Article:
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ack in 2014, Benjamin Booker was able to conquer us by presenting us his debut album with a very personal style, an almost retro sound, between blues and rock. Almost three years later, Virginia returns loaded with gospel , releasing the first single from his second work, Witness , which will be available on June 2 under the ATO Records label and produced by Sam Cohen, known for his participation in the albums of Kevin Morby. Booker returns with a greater activist and antiracist load and has the help of Mavis Staples , diva of the gospel and activist for social rights.

Booker is a key player in the generational shift that’s benefiting roots music so much right now. As a punk-loving teen growing up in north central Florida, he was turned on by that music’s dread and bloody attitude along with its freedom. He moved to New Orleans after college, absorbing the history that’s as unavoidable as humidity there. Soon he came up with his own blend, incorporating pretty much every rock and soul-related style a crate-digger would find in a dusty dollar bin at Euclid Records. Booker’s 2014 debut saw him keeping a grip on disorder, as the critic Andy Beta put it, as he pulled all those old styles close to himself and demanded they prove relevant.

The cathartic emotions Booker’s music invokes, and the witnessing that inspires them, are a crucial element of the current soul/roots scene. Like the version of “Driva Man” that the Alabama Shakes recorded for the 12 Years a Slave soundtrack or Alynda Lee Segarra’s ballad “The Body Electric,” this film demands that the injustices of the past also be faced when any of us celebrate its pleasures. These are the moments when revivalism becomes something else, something that matters — a connection between a history that remains unresolved and a future that musicians like Booker and his peers are still working to make better.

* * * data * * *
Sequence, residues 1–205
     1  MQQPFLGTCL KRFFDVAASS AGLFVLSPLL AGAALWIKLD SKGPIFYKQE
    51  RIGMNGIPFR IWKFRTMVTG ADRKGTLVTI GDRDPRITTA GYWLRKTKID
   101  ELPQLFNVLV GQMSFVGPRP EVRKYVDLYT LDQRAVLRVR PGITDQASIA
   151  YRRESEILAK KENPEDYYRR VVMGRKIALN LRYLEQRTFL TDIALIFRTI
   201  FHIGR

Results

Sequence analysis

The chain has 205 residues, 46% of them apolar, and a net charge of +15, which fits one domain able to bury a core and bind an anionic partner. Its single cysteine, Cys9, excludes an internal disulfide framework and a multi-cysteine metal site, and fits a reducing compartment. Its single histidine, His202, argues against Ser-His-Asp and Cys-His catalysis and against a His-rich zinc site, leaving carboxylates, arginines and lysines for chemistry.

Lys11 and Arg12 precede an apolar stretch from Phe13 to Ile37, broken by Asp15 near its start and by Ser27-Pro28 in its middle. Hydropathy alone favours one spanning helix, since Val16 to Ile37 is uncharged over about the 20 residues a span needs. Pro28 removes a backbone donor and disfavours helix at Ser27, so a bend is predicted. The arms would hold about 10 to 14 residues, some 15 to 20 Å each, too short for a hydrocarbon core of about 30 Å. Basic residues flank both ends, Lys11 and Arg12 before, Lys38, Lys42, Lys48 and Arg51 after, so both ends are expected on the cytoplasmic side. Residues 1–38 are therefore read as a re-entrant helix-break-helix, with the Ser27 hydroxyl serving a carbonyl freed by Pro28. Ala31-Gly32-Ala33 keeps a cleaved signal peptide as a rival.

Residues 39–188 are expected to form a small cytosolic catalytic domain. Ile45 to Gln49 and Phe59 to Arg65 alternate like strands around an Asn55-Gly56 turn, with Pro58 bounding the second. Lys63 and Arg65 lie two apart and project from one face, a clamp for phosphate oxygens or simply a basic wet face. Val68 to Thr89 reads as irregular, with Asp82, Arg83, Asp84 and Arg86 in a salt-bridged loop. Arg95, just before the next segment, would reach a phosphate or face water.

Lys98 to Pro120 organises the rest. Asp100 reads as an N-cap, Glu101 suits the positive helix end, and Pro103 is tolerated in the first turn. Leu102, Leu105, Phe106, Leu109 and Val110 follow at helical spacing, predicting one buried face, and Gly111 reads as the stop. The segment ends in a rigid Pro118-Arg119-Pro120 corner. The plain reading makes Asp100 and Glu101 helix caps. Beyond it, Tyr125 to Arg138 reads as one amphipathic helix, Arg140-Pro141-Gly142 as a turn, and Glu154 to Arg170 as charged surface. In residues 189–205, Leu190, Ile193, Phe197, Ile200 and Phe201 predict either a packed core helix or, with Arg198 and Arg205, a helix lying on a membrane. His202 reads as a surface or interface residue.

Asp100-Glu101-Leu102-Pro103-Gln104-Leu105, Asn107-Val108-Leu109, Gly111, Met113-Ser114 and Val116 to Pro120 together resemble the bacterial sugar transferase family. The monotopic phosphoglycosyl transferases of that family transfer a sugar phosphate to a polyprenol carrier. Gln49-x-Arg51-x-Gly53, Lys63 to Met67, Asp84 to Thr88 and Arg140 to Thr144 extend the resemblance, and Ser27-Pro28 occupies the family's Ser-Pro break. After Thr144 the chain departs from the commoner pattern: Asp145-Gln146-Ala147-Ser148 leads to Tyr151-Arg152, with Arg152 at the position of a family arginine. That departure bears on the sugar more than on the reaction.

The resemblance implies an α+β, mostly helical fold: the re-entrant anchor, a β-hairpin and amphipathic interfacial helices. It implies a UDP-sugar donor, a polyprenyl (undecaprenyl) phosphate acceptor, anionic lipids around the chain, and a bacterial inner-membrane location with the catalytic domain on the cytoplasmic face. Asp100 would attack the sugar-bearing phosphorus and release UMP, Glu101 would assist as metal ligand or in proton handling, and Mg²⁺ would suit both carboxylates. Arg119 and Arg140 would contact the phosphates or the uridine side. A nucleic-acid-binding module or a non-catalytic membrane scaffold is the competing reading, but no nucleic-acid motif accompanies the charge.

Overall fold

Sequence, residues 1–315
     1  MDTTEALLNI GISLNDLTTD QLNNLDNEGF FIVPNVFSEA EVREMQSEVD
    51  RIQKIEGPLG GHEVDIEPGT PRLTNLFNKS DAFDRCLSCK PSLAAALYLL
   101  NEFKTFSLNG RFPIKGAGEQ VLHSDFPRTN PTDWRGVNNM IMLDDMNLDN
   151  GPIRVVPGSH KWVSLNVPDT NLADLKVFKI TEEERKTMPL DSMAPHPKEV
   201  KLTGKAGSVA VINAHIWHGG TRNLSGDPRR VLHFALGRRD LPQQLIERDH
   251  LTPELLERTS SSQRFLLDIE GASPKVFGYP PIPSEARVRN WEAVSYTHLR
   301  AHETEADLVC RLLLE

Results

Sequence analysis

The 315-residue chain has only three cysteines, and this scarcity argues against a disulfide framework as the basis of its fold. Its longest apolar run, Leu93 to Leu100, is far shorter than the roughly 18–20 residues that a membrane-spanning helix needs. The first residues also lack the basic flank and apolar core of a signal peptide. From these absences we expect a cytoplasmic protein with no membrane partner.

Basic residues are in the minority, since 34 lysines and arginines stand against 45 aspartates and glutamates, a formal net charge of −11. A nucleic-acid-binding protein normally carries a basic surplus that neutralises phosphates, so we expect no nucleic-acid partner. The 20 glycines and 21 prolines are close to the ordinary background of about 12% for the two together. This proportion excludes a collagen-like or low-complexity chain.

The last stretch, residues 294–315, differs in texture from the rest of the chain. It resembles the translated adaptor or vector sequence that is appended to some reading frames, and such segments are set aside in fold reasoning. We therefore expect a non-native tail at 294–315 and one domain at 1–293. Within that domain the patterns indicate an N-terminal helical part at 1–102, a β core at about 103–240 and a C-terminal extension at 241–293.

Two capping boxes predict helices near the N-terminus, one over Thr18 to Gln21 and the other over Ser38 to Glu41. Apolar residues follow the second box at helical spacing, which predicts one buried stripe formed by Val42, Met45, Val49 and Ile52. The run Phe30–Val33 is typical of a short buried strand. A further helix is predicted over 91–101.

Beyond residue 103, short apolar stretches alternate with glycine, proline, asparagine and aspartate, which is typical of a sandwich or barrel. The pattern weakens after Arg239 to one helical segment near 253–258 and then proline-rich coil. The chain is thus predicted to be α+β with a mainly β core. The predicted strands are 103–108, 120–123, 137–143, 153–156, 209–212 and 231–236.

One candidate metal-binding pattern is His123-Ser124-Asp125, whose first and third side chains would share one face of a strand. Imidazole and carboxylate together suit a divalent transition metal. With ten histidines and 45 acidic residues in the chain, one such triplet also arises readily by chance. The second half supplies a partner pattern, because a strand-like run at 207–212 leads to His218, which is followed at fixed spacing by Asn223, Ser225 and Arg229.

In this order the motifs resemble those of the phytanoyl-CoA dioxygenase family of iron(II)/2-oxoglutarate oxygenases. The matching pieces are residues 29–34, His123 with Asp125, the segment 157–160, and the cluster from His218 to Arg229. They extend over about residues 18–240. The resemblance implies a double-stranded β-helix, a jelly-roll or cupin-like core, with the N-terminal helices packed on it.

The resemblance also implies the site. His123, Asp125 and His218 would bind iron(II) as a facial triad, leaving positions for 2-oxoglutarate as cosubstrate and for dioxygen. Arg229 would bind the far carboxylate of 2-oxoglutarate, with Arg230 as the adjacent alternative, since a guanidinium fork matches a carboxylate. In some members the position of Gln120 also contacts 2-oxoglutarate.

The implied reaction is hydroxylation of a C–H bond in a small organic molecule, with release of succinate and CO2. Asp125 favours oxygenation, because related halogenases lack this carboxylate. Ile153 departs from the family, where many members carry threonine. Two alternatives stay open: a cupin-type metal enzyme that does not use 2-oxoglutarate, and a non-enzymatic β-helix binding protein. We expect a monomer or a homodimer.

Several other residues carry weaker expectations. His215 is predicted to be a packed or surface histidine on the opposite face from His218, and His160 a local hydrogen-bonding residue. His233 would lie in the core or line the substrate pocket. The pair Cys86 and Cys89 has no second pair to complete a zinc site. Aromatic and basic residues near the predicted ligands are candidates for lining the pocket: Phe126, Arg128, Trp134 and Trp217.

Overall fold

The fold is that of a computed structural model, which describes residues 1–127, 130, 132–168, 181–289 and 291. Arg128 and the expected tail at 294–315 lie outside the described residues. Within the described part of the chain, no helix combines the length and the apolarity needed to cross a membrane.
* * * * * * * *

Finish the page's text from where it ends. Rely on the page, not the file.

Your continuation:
It was not uncommon, in the mid-20th century, for black American artists and writers to take up more-or-less permanent residence in Europe. Jazz musicians like Bud Powell and Dexter Gordon spent years living in Paris and Copenhagen, enticed by the artistic respect and comparative lack of racial discrimination they found while touring the Continent. James Baldwin chose the expatriate life, too: He lived in Paris for a minute, finished his first novel in Switzerland, made a home in Istanbul and eventually returned to France. His experience was complicated; as much as life in the Old World afforded a certain freedom, he felt a responsibility to participate in the struggle for civil rights in the New. But at the very least, Baldwin found that living abroad offered him a salient perspective on American society. “Once you find yourself in another civilization,” he observed, “you’re forced to examine your own.”

It’s that quote that Benjamin Booker cites in the essay explaining how he came to write his new album, Witness (out June 2 on ATO Records). After the acclaim surrounding Booker’s self-titled 2014 debut ebbed, he left the country for Mexico, seeking songwriting inspiration rather than a refuge from discrimination — or so he told himself. But after experiencing racialized violence in Mexico City — and looking on from abroad as reports of police shootings and Black Lives Matter protests peppered the news — Booker realized he was fleeing, not sight-seeing, and underwent a Baldwinesque crisis. Could he in good conscience stay away from the civilization that might very well need his voice? Could he, as guest vocalist Mavis Staples sings in the album’s title track, go on being “just a witness?”

Witness is the result of that self-scrutiny, an album that follows the cathartic thunder of Booker’s debut with moody, coiled energy and a deeper dive into the music that, as it happens, soundtracked the era when Baldwin and others were taking up residence in Europe. There’s still plenty of punk’s yawp to be found here; you’ll hear it in the heart-racing opener, “Right On You,” or if you drop the needle midway through “Off The Ground.” But on this record, Booker leans especially hard into the vintage soul-rock, gospel and blues that have underpinned his work from the start, folding R&B string arrangements and gospel piano into his guitar’s gritty rampage.

While the 27-year-old songwriter has, in the past, brushed off any conscious intent to conjure a retro sound (“I was just a music lover who wondered what it would sound like if Otis Redding strapped on a guitar and played in a punk band,” he told NPR in 2015), his slate of collaborators on Witness is telling. Producer Sam Cohen recently completed a dark reworking of ’60s hits for the Man In The High Castlecompanion album, Resistance Radio, while engineer Shawn Everett won a Grammy for his work with Alabama Shakes, Booker’s fellow purveyors of revived — not replicated — soul music. And, of course, there’s Staples, whose vital presence summons not just the sound but the moral compass of the civil rights movement — something, Booker suggests, this country needs now as much as ever.